What President Hillary Clinton wants to accomplish in her heart of hearts may or may not be very different from what President Bernie Sanders wants to accomplish in his. It doesn’t matter. Without a miraculous change in the legislative branch, neither one’s agenda is likely to get very far. True, Barack Obama has finally figured out how to achieve significant aspects of his program, largely through executive orders. But any future president can undo Obama’s executive orders with the flourish of a pen, so a great many of Obama’s liberal achievements may not be permanently realized.
There is one significant difference between what we can realistically hope for from Clinton, and what we can hope for from Sanders (and could realistically hope for from Obama). Clinton spent eight years in the Senate as a highly effective senator. She made alliances across the aisle with people she had every reason to loathe and despise; she came to know them personally and form friendships with them that got things done. Neither Obama nor Sanders achieved anything similar. So if Clinton became president, there is a reasonable chance that she would be able to get some progressive legislation through even a recalcitrant Congress because she knows how to work with her adversaries, as Sanders (or any other imaginable Democratic candidate) does not.
But that ‘s not the major reason why liberals should be enthusiastic supporters of Clinton’s campaign. This is: having a woman in the chair behind the desk in the Oval Office, having a woman as President of the most powerful nation in the world, in and of itself, is the most liberal and progressive thing that could happen in this country and in the world. Of course I need to qualify that statement: I mean a rational woman, i.e. one with pro-women ideas and ideals. So no, I would not advocate for a Sarah Palin or a Carly Fiorina. But the election of a woman with a concern for women’s issues that has been demonstrated over 25 years would be a representation of the power that women can potentially achieve. That power might be largely symbolic, but we are a symbol-loving species and this symbol would be deeply meaningful to women everywhere, especially the most oppressed. It would cause ISIS to gnash its teeth, and that in itself would be gratifying. Having to deal with a powerful woman might do more to demolish ISIS than all the bombs Donald Trump wants to dump on it. Even more gratifying, having to deal with a powerful woman might also cause Donald Trump to gnash his teeth.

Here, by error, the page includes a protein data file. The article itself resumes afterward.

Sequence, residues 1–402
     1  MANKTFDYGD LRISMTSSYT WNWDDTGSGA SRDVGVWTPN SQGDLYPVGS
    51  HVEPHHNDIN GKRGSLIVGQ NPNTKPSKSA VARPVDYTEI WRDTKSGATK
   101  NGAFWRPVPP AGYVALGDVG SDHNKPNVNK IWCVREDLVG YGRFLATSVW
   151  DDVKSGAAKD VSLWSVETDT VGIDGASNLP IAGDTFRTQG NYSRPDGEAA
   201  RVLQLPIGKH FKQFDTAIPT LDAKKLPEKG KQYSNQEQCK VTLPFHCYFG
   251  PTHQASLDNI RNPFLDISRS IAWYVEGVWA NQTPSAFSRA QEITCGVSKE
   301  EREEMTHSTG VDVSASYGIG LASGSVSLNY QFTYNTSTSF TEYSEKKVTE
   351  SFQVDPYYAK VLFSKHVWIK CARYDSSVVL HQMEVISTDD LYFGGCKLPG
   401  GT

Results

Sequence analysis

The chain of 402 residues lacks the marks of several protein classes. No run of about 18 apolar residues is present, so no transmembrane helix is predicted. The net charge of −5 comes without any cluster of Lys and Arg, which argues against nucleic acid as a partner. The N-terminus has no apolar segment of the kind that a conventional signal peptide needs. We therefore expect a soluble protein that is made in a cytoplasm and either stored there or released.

The symbolism that a Clinton presidency would represent is therefore of lasting importance for liberal beliefs. The election of Hillary Clinton would be a victory for liberalism more concretely too: she has the skills and the experience to move the progressive agenda forward. But more important still than that (and that is certainly important), her assumption of the presidential role will force everyone everywhere to imagine and accept a new relationship between womanhood and power, raising hopes for a new kind of future. Clinton’s presidency offers the possibility of a new world, and there is nothing more progressive than that.
Liberals can support Clinton with a clear conscience; she is the real thing.